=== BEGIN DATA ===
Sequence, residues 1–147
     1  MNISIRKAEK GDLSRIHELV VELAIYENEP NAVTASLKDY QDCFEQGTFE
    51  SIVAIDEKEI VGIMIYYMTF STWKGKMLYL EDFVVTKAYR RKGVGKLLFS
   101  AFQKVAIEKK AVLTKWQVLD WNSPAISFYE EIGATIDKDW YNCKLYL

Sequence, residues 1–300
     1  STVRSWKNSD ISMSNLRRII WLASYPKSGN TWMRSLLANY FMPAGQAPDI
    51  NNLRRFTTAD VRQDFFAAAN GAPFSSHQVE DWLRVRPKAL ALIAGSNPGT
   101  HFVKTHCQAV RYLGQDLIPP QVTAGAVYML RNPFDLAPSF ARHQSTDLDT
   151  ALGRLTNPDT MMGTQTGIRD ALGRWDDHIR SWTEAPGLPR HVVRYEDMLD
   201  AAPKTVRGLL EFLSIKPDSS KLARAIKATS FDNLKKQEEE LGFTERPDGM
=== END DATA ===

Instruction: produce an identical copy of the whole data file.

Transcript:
Sequence, residues 1–147
     1  MNISIRKAEK GDLSRIHELV VELAIYENEP NAVTASLKDY QDCFEQGTFE
    51  SIVAIDEKEI VGIMIYYMTF STWKGKMLYL EDFVVTKAYR RKGVGKLLFS
   101  AFQKVAIEKK AVLTKWQVLD WNSPAISFYE EIGATIDKDW YNCKLYL

Sequence, residues 1–300
     1  STVRSWKNSD ISMSNLRRII WLASYPKSGN TWMRSLLANY FMPAGQAPDI
    51  NNLRRFTTAD VRQDFFAAAN GAPFSSHQVE DWLRVRPKAL ALIAGSNPGT
   101  HFVKTHCQAV RYLGQDLIPP QVTAGAVYML RNPFDLAPSF ARHQSTDLDT
   151  ALGRLTNPDT MMGTQTGIRD ALGRWDDHIR SWTEAPGLPR HVVRYEDMLD
   201  AAPKTVRGLL EFLSIKPDSS KLARAIKATS FDNLKKQEEE LGFTERPDGM